FREIG, Johannes Thomas
PaedagogusBasel, Sebastian Henric Petri, 1582
FIRST EDITION. 8vo, pp. (16), 366, (2). Roman, Italic, Greek and Hebrew letter. Large printer’s woodcut device on title and last verso, one decorated initial representing a rabbit; folding table after p. 162, woodcut illustration on p. 262 representing a bridge, printed music. Light age yellowing, very rare spotting and staining, paper flaws at head of p. 161 partly affecting half a dozen lines of text, small worm trail to lower margin of last gathering. A very good and clean copy in quarter vellum over boards C1900.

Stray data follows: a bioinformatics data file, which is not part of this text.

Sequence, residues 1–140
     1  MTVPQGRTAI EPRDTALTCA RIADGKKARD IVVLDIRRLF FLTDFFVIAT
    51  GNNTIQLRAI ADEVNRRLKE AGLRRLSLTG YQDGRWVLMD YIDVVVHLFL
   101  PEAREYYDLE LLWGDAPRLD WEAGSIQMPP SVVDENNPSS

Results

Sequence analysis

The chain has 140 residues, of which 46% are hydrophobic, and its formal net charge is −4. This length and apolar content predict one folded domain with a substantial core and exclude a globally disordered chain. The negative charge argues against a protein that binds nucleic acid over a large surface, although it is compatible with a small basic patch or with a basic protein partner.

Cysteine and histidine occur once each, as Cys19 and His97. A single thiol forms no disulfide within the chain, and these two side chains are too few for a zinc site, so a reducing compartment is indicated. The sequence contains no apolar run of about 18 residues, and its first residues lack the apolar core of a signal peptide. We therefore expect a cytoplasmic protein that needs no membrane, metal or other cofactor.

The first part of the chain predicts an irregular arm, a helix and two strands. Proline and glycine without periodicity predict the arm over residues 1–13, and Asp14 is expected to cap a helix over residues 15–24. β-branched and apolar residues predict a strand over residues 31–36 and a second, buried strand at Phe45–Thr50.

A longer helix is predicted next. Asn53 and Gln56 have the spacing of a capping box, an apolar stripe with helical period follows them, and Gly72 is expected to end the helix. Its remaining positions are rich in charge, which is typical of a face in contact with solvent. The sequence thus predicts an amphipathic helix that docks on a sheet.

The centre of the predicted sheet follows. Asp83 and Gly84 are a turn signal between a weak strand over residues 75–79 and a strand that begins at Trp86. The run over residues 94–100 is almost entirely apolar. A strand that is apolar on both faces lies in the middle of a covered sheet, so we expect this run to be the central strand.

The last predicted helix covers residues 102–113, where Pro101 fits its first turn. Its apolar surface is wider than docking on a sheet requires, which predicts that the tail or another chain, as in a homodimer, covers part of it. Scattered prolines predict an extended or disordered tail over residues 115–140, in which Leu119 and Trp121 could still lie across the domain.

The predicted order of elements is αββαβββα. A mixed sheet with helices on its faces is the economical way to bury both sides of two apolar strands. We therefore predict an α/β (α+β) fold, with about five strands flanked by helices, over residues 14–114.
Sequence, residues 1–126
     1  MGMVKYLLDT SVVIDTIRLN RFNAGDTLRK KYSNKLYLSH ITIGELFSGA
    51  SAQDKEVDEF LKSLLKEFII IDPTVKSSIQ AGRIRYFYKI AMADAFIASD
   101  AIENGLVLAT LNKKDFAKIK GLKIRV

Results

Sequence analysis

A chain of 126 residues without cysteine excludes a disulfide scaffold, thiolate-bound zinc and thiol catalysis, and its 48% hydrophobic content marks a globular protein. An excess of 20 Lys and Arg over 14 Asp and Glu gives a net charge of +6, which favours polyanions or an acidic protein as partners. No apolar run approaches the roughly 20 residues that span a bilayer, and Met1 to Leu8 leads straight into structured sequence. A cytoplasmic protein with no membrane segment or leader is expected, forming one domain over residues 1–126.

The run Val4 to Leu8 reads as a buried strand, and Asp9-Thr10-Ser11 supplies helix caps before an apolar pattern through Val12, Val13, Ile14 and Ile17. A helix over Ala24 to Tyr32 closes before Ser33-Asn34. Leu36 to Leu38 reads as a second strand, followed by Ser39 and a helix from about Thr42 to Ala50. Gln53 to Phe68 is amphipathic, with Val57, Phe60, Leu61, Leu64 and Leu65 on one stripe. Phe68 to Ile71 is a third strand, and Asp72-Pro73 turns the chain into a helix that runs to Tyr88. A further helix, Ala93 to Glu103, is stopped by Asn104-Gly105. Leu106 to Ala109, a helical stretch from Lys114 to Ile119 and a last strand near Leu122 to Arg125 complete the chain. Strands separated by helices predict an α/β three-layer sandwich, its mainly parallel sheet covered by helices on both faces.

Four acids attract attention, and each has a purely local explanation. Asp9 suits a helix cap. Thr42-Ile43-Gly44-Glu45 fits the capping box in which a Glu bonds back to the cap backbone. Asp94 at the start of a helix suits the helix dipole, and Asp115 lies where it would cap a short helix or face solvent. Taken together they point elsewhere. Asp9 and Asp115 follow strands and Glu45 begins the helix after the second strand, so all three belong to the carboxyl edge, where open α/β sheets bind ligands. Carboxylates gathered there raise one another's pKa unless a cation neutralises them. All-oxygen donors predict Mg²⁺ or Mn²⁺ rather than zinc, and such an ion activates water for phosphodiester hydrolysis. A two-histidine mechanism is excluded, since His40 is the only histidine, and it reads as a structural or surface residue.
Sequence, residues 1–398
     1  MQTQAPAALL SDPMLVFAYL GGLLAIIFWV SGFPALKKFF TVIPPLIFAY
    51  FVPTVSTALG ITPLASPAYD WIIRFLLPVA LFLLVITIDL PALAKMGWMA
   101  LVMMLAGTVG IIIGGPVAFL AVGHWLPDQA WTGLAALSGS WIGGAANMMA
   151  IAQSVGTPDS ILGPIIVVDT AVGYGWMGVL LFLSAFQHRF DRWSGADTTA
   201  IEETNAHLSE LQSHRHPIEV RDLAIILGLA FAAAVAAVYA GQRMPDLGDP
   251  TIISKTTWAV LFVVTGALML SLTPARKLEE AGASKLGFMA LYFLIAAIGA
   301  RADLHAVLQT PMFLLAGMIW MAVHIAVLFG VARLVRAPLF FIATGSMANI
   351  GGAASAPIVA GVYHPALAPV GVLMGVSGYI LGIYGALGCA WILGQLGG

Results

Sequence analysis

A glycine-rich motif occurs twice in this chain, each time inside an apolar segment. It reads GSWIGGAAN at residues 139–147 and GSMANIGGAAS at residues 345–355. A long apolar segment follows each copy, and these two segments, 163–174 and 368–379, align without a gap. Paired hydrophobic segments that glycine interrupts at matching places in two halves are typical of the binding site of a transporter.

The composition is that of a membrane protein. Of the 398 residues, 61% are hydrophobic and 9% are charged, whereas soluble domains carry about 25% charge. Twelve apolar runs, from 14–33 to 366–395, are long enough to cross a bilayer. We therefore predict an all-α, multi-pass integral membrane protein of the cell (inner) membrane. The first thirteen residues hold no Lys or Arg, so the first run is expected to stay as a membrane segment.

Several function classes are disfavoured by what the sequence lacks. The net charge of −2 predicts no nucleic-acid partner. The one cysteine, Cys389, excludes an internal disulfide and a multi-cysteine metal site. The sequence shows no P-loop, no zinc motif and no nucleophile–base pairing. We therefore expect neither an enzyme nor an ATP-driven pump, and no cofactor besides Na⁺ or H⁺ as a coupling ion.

First edition of this interesting and popular early school book, intended as an introduction to all the subjects of humanist education.German philosopher and jurist, the Calvinist Johannes Thomas Freig (1543-1583) was a pupil and the first biographer of the famous teacher and educational reformer Pierre de La Ramée (Ramus). Freig was professor of logic and rhetoric in Freiburg and Basel, later becoming rector of the school at Altdorf. He studied Cicero’s works and extensively wrote on philosophy. He also was responsible for the influential “Latina grammatica pro schola Altorfina Noribergensium” (1580).Freig was inspired by the Ramist logical method according to which discourse is founded on arguments or commonplaces. The “Paedagogus” summarises the ideal curriculum focused on classical learning and religious education in the biblical languages (Greek, Hebrew and Latin), by means of dichotomous tables and an analysis expounded in the form of question and answer. The work starts with Freig’s dedicatory letter to the prince of Marche (Italy) Giovanni Martino Amelio, providing information on the work’s contents and recalling the friendship between the noble Amelio and his father, Nicholas Freig. Then, after a classification of the liberal arts, including a reference list of the most important authors – mainly classical – and a Latin epigram by the French poet Bartelon Pantaleón from Ravières (Bourgogne), the work is divided into 24 chapters each dealing with a different subject. They concern Latin, Greek and Hebrew grammar, with particular attention to classical and biblical (Psalms) texts; French conversation on various cultural topics (wine, food, places of the house); rhetoric (figures of speech); poetics; logic; geometry (the axis and its use in astronomy and measuring of land; coining); architecture (materials, buildings and their arrangement, with a paragraph on the library); physics, based on Tolomeus’ model; then ethics, economics, politics, military activities (armies, armour, encampment); history; law and medicine (diseases and their symptoms, with a section on the plague).The chapter on music is the largest and highlights the distance between theory and musical practice. It especially concerns vocal music together with vernacular psalmody and Latin hymns. Recommended books are Boethius’s and Heinrich Glarean’s Dodecachordon (1547).Adams, F 1013; BM STC Ger., p. 320. Not in Brunet or Graesse.